• Replicating the Sense of Touch

    Replicating the Sense of Touch

    Haptics is a field of engineering that is focused on replicating the sense of touch. Simulating the feeling of a surface could make for more immersive entertainment, more edifying educational tools, or more realistic training devices.

  • Penn Museum Helps Put An Irish Murder Mystery To Rest

    Penn Museum Helps Put An Irish Murder Mystery To Rest

    Fifty-seven Irish workers set sail for the United States in April of 1832 to work at Duffy’s Cut, a Pennsylvania Railroad construction site in Malvern, a city about 20 miles outside of Philadelphia. The workers arrived in Philadelphia in June.

  • W. E. B. Du Bois’ Profound Cultural Influence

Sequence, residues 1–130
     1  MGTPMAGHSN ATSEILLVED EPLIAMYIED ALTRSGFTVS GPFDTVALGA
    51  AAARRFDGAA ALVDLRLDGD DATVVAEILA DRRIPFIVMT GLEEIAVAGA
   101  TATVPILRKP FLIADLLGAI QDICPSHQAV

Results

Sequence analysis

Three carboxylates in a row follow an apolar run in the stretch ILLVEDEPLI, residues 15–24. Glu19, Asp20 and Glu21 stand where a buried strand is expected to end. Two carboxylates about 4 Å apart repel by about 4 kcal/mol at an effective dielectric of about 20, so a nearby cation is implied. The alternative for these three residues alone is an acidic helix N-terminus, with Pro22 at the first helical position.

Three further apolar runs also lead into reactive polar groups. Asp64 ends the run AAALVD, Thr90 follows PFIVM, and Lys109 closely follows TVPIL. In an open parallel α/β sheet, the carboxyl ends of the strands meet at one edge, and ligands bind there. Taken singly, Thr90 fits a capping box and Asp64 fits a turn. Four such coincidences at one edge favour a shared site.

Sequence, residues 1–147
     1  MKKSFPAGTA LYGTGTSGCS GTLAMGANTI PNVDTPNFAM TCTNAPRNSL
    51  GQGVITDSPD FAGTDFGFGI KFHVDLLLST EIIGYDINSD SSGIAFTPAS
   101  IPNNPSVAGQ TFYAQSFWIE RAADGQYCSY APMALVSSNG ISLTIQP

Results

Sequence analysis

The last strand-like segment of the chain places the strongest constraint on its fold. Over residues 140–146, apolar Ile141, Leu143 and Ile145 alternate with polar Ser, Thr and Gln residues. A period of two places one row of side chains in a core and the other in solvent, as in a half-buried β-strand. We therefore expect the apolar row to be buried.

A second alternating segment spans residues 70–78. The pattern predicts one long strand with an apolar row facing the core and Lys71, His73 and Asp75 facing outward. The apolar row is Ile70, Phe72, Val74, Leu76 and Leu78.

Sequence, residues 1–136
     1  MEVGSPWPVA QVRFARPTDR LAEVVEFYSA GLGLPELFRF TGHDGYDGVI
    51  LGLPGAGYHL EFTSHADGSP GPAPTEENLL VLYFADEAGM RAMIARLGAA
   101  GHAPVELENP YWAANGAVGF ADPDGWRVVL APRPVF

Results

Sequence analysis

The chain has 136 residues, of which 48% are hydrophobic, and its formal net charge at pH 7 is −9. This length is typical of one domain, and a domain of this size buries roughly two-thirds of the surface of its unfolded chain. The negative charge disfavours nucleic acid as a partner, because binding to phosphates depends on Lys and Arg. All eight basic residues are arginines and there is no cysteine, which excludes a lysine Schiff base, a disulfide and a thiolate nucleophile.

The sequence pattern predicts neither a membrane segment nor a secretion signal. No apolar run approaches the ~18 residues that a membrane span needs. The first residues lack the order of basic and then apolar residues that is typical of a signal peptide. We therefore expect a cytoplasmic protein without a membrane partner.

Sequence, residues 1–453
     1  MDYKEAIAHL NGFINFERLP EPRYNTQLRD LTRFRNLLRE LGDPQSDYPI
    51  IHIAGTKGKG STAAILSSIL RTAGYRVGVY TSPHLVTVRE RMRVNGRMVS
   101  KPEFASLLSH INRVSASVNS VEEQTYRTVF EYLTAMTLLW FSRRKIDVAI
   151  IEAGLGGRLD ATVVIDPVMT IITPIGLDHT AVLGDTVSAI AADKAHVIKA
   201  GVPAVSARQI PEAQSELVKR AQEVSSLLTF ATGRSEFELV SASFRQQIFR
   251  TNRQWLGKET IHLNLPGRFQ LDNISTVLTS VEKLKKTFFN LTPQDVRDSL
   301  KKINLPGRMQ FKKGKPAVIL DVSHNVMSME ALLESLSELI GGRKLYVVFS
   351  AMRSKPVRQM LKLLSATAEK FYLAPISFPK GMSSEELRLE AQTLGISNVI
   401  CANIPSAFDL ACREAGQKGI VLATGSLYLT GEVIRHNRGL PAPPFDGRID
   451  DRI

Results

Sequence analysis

W. E. B. Du Bois’ Profound Cultural Influence

    During his lifetime, W. E. B. Du Bois was a sociologist, historian, author, public intellectual, and civil rights activist. Today, Du Bois is widely considered one of the most important scholars of his generation, who still influences researchers, according to Tukufu Zuberi, professor of sociology and the Lasry Family Professor of Race Relations in the School of Arts and Sciences.

  • Who is in That Quaker Suit?

    Who is in That Quaker Suit?

    Underneath that big head and well-upholstered body, five different students make the Penn Quaker come to life. Tradition insists that their identities remain secret, so in this story, they will be known as Mr. Blue, Mr. Brown, Mr. Orange, Mr. White, and Mr. Blonde.

  • Teaching and Making Music in the ‘Colored Waiting Room’

    Teaching and Making Music in the ‘Colored Waiting Room’

    That others would find the title of Guthrie Ramsey Jr.’s latest CD both intriguing and repulsive doesn’t bother him. Ramsey, the Edmund J. and Louise W. Kahn Term Professor of Music at Penn, is a musician, historian and thought provocateur.